Wuthering Heights is an intense story of passion and revenge set against the bleak backdrop of the wild Yorkshire moors.
Our first narrator, Lockwood, begins the tale when he rents a manor house by the name of Thrushcross Grange. He visits the neighbouring house of Wuthering Heights to meet his landlord, Heathcliff. Also in residence are a bad tempered servant, Joseph, an impoverished simple young man named Hareton Earnshaw and a beautiful young woman, Catherine, the widow of Heathcliff's dead son. Bad weather forces Lockwood to stay the night, and in his room he finds the diaries of a woman named Catherine Earnshaw, mother to Young Catherine. He reads about the adventures of Catherine Earnshaw, Heathcliff and Catherine's overbearing older brother, Hindley. That night he has vivid nightmares of Catherine banging at the window, begging to be let in. His screams rouse Heathcliff who flings open the window and begs Catherine to come again.
The next morning Lockwood persuades the housekeeper of Thrushcross Grange, Nelly Dean, to sit and talk for a while. Nelly thus becomes our second narrator. She recalls how Mr Earnshaw, father to Catherine and Hindley, arrived home one day with a mysterious, dirty young boy he'd found starving in Liverpool....
The boy is Heathcliff, and Earnshaw begins to favour him, much to the resentment of Hindley. Catherine, however, becomes fast friends with Heathcliff. Hindley is sent away to college but returns on his father's death to become master of Wuthering Heights. He rules the household tyrannically, causing Heathcliff and Catherine to grow even closer, spending much of their time wandering the moors together. On one such occasion they are spying through the windows of Thrushcross Grange, to get a look at the posh Linton children, when they are caught. While trying to escape, Catherine is bitten by a dog and has to spend the next five weeks recovering at the Grange.
When she returns to Wuthering Heights, she is much changed: snobbish, dressed like a lady, she is now best friends with the Linton children, Edgar and Isabella. Heathcliff resents her changed behaviour towards him. Meanwhile, Hindley's new wife gives birth to a boy, Hareton, and dies of consumption. Hindley turns to drink and becomes even more cruel towards Heathcliff, forcing him to labour as a servant. Edgar Linton proposes to Catherine and she accepts. But she confides in Nelly that she would not have done so if Hindley had not turned Heathcliff into someone it would shame her to marry. Heathcliff overhears this and leaves Wuthering Heights before hearing Catherine admit the depths of her feelings for him.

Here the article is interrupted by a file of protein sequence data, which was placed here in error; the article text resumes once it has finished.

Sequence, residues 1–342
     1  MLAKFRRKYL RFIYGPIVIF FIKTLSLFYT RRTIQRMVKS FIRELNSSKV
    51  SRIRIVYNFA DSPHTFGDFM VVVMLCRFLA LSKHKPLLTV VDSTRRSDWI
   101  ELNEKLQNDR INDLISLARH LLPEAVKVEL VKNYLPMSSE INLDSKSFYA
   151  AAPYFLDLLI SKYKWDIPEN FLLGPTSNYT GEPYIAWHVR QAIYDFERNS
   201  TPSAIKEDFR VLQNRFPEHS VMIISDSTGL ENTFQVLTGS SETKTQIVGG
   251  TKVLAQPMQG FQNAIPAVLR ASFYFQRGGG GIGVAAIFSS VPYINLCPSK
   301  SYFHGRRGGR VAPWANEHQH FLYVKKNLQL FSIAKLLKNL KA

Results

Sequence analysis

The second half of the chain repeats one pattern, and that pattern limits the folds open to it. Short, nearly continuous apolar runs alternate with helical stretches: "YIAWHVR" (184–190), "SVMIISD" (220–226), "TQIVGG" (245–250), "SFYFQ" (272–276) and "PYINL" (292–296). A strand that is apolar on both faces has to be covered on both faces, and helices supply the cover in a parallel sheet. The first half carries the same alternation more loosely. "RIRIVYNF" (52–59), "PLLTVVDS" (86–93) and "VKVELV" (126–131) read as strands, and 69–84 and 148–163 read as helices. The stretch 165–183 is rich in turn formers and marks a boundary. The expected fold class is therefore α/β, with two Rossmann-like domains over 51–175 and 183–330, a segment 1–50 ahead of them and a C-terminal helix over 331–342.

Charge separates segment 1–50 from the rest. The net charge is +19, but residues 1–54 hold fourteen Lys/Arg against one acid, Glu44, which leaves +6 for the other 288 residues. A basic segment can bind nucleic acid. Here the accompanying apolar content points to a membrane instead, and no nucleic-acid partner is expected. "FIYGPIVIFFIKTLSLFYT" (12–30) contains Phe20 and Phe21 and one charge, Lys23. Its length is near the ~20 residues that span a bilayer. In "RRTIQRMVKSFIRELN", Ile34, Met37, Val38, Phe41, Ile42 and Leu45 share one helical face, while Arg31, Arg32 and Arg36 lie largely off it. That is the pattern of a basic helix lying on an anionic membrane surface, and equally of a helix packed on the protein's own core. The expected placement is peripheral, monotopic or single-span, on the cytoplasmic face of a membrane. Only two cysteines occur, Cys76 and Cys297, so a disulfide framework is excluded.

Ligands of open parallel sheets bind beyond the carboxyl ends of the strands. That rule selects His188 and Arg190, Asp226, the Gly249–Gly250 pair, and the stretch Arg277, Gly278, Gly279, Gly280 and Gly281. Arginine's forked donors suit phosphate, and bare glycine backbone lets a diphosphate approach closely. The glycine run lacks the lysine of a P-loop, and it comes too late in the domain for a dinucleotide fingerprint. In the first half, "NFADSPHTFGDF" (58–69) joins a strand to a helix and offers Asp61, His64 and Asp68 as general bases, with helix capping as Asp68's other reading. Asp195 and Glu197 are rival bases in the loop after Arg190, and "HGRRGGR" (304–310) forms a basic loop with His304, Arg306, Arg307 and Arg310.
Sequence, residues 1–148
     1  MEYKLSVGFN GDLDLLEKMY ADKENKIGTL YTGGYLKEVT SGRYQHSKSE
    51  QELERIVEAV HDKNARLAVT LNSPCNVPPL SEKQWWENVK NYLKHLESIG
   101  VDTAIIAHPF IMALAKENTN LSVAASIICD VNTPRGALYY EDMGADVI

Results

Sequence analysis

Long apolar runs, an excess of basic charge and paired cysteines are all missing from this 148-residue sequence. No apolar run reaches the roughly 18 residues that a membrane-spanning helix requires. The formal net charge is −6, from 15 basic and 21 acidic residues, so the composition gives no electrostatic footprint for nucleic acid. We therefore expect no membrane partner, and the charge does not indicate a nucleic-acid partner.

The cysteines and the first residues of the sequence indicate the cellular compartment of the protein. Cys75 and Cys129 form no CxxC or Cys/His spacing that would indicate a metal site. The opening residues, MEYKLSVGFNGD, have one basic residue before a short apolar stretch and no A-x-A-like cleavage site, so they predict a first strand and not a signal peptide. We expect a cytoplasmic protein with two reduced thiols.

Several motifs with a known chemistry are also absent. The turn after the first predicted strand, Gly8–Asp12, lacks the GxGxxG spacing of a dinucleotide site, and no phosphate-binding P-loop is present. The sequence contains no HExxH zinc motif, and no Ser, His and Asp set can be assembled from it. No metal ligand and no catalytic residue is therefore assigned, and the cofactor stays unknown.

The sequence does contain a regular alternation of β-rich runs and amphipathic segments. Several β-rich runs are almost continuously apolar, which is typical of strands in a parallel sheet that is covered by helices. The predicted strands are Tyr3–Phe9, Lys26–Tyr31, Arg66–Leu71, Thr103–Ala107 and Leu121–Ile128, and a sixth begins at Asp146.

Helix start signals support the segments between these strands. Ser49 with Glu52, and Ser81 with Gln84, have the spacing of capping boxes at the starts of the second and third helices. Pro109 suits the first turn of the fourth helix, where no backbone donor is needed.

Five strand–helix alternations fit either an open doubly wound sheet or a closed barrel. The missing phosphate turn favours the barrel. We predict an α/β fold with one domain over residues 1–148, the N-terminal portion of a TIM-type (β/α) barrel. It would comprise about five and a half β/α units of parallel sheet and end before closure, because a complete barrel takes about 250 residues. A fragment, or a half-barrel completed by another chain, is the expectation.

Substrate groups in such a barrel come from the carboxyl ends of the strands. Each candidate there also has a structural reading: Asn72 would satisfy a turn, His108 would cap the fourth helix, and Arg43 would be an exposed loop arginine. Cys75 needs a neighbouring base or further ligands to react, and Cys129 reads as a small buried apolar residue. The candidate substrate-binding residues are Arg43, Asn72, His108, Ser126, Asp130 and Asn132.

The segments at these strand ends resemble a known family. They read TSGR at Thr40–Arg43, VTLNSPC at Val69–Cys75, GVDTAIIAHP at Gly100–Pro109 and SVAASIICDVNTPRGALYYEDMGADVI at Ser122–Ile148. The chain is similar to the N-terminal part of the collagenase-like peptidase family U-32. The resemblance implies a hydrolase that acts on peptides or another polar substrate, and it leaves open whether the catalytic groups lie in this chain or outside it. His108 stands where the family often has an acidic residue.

Heathcliff returns three years later, having accumulated a mysterious fortune, and starts exacting his revenge on Hindley. He lends the drunkard money, knowing he will be unable to repay his debts. When Hindley dies a ruined man, Heathcliff claims Wuthering Heights. He cynically marries Isabella Linton, placing himself in line to inherit Thrushcross Grange. Catherine becomes very ill, gives birth to a daughter and dies. Still in love with her, Heathcliff begs her spirit to stay with him, haunt him forever but never leave him. Shortly after, Isabella flees to London where she gives birth to Heathcliff's son, Linton.
Thirteen years pass at Thrushcross Grange. Nelly is nursemaid to Catherine's daughter, also named Catherine. Edgar ensures Young Catherine has no knowledge of Wuthering Heights, but one day whilst exploring the moors she discovers the house. Isabella dies and Linton comes to live at Wuthering Heights. He is a weak, sickly child and Heathcliff regards him with much contempt. But he engineers a romance between Linton and Young Catherine to tighten his grip on Thrushcross Grange and exact his revenge on Edgar. Just before Edgar dies, Heathcliff coaxes Catherine to Wuthering Heights where he forces her to marry Linton. Linton soon follows Edgar to the grave. Heathcliff is now in control of both Wuthering Heights and Thrushcross Grange. He forces Catherine to live at Wuthering Heights as a servant.
Lockwood, appalled by what he has heard, leaves the Grange. Six months later he returns. He learns from Nelly that Heathcliff had become more and more obsessed with Catherine Earnshaw, seeing her everywhere and talking to her ghost. One morning Nelly found him dead in his room, soaked with rain from the open window. He was buried beside Catherine, as he had wished. Later, Nelly meets a frightened young boy who claims to have seen Heathcliff and a woman on the moors. Young Catherine who once mocked Hareton for his simpleness has grown to love him and they plan to wed. The story ends with Lockwood visiting the graves of Catherine and Heathcliff.